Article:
A Collection of Gallantry Awards to the Indian Army for the Burma Campaign 1944-45

Date of Auction: 22nd July 2016

Sold for £1,900

Estimate: £600 - £800

A scarce Second World War Burma operations M.M. awarded to Dafadar Badan Singh, ‘C’ Squadron, 16th Light Cavalry, Indian Armoured Corps, who won an immediate award for knocking out an enemy tank at Pyawbe in April 1945 and killing nine of the enemy

Military Medal, G.VI.R. (A-1451 Dfr. Badan Singh, I.A.C.), officially impressed naming, edge bruise and contact marks to obverse, very fine £600-800


Just 37 M.Ms were awarded to the Indian Armoured Corps in the 1939-45 War, 22 of them for Burma and three of them to the 16th Light Cavalry.

London Gazette 20 September 1945. The original recommendation - for an immediate award - states:

‘At 1430 hours on 10 April 1945, on the outskirts of Yamethin, an armoured car patrol was moving into the town from the north-west. The leading armoured car was under the command of war substantive Dafadar Badan Singh. The patrol engaged soem enemy infantry in dug-in positions, when suddenly from a flank, behind cover about 200 yards away, an enemy medium tank appeared and fired with its gun at Dafadar Badan Singh’s car. These shells were close misses. Realising the position, Dafadar Badan Singh immediately closed the range by advancing towards the tank and shot at it with his 37mm. gun. His first shell, which was High Explosive, blinded the enemy’s vision. His next shell, which was Armour Piercing, penetrated the enemy tank causing it to explode. The tank having been knocked-out, its crew and some infantry behind the tank broke and were engaged by Dafadar Badan Singh with his co-axial automatic. He killed nine.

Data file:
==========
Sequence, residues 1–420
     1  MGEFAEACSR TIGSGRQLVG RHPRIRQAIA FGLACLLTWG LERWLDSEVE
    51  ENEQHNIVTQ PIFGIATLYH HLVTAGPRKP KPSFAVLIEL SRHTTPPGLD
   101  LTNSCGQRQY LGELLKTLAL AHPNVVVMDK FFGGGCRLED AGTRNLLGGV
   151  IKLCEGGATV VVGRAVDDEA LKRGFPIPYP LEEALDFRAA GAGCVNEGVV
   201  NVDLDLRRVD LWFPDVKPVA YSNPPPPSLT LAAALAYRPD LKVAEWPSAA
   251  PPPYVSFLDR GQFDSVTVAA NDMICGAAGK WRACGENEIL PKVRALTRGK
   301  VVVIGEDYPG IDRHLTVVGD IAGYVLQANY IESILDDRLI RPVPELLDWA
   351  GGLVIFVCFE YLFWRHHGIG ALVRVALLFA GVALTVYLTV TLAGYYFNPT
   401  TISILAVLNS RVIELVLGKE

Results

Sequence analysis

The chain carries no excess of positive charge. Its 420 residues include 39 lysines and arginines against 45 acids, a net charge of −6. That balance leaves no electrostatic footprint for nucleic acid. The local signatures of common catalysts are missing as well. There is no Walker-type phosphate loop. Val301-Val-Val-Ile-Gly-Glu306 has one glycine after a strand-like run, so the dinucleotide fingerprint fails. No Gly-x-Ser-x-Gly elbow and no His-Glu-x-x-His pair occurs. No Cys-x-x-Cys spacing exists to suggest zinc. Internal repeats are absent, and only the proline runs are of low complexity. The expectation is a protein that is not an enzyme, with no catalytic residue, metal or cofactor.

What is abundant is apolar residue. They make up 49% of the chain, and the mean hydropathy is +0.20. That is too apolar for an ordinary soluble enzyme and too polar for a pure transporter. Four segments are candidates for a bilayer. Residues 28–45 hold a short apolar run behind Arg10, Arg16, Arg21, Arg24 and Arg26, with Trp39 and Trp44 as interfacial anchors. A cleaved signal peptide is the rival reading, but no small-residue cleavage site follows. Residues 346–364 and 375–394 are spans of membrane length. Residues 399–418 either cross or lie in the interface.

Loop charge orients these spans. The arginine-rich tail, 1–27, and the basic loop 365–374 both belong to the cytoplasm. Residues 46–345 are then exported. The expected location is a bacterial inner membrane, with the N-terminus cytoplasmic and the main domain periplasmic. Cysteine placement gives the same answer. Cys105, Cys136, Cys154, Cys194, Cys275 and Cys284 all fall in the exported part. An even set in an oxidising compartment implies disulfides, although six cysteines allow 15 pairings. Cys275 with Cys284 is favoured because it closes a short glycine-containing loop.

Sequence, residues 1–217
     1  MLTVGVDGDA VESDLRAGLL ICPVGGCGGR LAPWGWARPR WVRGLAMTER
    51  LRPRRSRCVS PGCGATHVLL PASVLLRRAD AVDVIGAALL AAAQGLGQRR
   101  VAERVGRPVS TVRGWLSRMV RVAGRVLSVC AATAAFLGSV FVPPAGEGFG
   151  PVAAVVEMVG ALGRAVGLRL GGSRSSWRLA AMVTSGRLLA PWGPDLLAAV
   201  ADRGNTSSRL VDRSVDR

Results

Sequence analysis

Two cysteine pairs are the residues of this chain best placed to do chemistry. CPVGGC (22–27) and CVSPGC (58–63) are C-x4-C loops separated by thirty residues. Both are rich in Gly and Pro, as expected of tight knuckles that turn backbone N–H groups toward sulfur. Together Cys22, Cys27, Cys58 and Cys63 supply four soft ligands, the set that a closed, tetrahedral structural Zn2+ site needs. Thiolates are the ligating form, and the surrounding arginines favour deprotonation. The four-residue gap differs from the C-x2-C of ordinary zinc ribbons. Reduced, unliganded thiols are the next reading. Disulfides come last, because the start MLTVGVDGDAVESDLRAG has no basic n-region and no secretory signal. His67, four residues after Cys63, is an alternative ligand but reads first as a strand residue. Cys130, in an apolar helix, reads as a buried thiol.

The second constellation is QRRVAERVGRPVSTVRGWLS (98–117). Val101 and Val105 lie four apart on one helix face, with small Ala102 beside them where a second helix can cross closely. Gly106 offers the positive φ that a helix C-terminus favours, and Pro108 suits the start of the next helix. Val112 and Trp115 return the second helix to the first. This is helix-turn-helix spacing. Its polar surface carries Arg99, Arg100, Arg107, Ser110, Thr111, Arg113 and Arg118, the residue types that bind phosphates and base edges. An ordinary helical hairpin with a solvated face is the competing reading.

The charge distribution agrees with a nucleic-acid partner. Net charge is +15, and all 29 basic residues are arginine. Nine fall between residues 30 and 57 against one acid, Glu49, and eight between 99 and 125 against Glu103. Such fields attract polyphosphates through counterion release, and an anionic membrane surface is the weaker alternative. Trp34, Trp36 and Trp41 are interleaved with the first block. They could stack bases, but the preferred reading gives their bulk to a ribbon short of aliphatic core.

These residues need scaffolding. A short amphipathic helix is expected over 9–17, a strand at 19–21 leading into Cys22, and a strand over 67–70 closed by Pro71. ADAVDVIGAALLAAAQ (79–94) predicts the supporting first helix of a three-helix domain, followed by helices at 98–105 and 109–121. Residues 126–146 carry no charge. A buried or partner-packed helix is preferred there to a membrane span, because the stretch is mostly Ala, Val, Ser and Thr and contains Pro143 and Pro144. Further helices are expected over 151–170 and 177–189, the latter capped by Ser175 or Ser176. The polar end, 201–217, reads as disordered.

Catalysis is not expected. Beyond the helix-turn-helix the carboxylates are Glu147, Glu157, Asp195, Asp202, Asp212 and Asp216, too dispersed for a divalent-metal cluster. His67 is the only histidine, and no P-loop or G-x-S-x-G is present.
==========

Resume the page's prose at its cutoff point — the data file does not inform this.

By his extremely bold and quick action, taken with no regard for his personal safety, he masked and destroyed an enemy weapon which constituted a great danger to his own troop. The moral effect of the tank’s destruction turned what might have been a serious situation into a decisive success and enabled the recce. of Yameethin to be continued unhampered.’

Badan Singh was a Hindu Jat from the village of Noorpur in Hapur district, Meerut. The 16th Light Cavalry (I.A.C.), equipped with Humber Mark IV armoured cars, arrived at the Irrawaddy bridgehead in time for the advance of February 1945. Thereafter, its cars were in action daily, probing and skirmishing ahead of 17th Indian Division, and the Shermans of Probyn’s and the Deccan Horse.

Badan Singh received the riband of his M.M. from the C.-in-C. India at Rangoon on 31 July 1945, followed by the Medal itself at a Regimental Reunion Parade in March 1947.